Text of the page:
In his argument, Friedman also refers to operating practices which ARK Group included in its lease with Barnett that he says impaired Big Beat Dallas establishments from moving afternoon patrons out before the evening crowd.

“We believe that ARK Group impeded operations in a way that made it impossible for my client to manage shift changes effectively,” he stated. Barnett’s claim includes a significant dollar amount associated with lost revenues allegedly caused by ARK Group’s obstruction.     


Irving City Taxpayers Join the Suit Against ARK Group

The legal battle between ARK Group and Barnett has gained even more force as local taxpayers in Irving have formed an advocacy group to dispute tax reimbursements due to ARK Group for construction expenses. Friedman, who also represents the Irving Taxpayers Matter, emphasized the developers must follow the stipulations in the TIF  contract to received reimbursement.

“The TIF contract states that if the developer commits any materials violations, reimbursement payments may be withheld,” Friedman stated.

Taxpayers are demanding the City withhold TIF payments based on material building code specifications not met. Reportedly the ARK Group has received approval on an audit report submitted to the City. This audit was to substantiate the Group incurred expenses greater than $160 million. However, $44 million in reimbursement payments may be withheld based on violations identified by Barnett according to his legal team.


Sentiments from the Irving Community and Minority Contractors

Members of the Irving community are strong supporters of their Honky-Tonk King in his battle against out-of-state developers.

“I’ve known Billy Bob Barnett for many years,” said, Reverend Peter Johnson, a leader in the Irving community. “I grew up here during the Civil Rights movement, and I must say, Billy Bob embraces all people. I believe in his vision. I think what he is doing over there is wonderful; and, I wish the City would support him.”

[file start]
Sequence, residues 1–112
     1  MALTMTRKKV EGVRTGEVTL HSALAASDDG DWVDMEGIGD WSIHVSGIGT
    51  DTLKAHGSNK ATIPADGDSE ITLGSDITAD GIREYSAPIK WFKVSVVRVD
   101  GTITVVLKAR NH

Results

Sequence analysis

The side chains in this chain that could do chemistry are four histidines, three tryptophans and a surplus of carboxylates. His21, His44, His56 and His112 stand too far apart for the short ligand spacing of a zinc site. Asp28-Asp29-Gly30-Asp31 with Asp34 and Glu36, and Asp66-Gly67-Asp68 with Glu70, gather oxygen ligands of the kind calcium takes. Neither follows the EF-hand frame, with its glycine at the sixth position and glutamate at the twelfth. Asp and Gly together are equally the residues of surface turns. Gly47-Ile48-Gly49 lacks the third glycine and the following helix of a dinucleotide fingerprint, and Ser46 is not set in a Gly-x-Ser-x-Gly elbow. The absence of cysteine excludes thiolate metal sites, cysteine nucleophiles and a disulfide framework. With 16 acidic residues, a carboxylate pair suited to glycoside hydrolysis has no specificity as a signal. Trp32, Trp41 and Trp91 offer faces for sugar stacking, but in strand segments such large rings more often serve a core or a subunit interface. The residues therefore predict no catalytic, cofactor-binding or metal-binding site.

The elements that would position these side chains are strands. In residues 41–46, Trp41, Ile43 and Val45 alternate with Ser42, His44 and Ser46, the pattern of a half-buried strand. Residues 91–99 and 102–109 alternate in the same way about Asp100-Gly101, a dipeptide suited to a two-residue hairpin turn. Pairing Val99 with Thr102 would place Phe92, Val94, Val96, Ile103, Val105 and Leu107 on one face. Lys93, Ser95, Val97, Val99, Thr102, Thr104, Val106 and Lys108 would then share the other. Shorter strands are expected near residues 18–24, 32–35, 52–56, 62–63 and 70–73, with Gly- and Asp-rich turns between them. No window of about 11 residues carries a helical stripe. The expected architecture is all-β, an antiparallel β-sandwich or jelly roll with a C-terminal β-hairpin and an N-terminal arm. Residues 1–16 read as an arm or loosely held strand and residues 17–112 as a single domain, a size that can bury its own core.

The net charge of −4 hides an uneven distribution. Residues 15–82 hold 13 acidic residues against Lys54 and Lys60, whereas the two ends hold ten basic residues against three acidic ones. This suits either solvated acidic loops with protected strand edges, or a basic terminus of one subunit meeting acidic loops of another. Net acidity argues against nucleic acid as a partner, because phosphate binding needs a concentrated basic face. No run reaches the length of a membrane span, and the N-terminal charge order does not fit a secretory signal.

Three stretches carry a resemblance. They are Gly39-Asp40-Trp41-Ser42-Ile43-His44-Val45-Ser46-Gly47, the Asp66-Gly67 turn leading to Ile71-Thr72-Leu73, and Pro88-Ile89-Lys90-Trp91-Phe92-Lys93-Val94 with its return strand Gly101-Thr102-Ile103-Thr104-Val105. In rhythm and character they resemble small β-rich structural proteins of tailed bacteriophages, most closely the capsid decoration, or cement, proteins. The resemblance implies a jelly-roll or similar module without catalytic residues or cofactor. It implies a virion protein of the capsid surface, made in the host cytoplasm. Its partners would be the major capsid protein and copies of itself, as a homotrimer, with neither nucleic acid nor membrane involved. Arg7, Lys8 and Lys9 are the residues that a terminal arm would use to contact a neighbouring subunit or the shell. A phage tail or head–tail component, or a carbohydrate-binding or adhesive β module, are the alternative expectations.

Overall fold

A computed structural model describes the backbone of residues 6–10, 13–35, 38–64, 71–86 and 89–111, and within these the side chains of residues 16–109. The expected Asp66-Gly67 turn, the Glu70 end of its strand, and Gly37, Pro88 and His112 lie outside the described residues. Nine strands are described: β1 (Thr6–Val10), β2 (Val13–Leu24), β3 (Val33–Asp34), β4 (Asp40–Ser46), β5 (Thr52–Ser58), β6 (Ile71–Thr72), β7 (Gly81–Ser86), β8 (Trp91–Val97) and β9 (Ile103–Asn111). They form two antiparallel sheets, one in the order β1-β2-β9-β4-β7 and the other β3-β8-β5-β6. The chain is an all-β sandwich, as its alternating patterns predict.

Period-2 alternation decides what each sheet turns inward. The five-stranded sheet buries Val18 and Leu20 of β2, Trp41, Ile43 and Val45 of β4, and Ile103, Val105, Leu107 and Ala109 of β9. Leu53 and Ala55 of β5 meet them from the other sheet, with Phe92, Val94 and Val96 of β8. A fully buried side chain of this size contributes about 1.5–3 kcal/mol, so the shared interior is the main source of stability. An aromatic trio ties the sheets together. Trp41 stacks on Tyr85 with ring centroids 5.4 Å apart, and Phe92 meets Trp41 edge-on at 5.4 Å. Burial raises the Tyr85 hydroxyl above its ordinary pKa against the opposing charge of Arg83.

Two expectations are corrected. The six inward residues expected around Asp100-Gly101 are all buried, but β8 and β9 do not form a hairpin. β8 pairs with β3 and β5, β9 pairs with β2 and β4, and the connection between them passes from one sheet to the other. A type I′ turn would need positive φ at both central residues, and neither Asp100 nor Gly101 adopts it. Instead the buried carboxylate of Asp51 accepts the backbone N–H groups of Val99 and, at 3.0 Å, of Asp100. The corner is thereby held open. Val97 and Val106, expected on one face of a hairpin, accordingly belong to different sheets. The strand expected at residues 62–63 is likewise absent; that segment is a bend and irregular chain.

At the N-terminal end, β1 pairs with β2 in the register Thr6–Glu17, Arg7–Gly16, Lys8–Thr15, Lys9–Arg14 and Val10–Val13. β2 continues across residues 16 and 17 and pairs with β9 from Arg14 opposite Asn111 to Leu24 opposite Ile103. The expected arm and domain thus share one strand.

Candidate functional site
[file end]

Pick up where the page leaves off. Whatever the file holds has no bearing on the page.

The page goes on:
Other comments from the community which have come on the heels of this raging legal battle are from advocates aligned with the M/WBE (Minority and Women’s Business Enterprise Program). The M/WBE program sets forth performance goals which urge Texas localities to fill City development contracts with minority and women contractors. In previous articles, NDG has looked at the concerns regarding usage of M/WBEs in the construction phase of the project. Including a follow-up on how they ultimately failed to meet the goals for this project. 

Charles Jackson, a local Chamber of Commerce Member and M/WBE consultant, who is an advocate for contractors participating in the program stated that on average, “Minority contractors get less than 5 percent of city contracts.”

Jackson mentioned the performance goal for most areas in the state is 30 percent.

“I must say the M/WBE Advisor for the City of Irving is great, but they still need to make developers accountable over there for meeting the 30 percent recruitment goal,” according to Jackson.

Irving’s NAACP Chapter President, Tony Grimes, was complimentary of the City of Irving as it relates to publishing bids and making application information accessible to M/WBE Program participants. However, Grimes was candid about his desire to see more M/WBE contractors obtain proposals.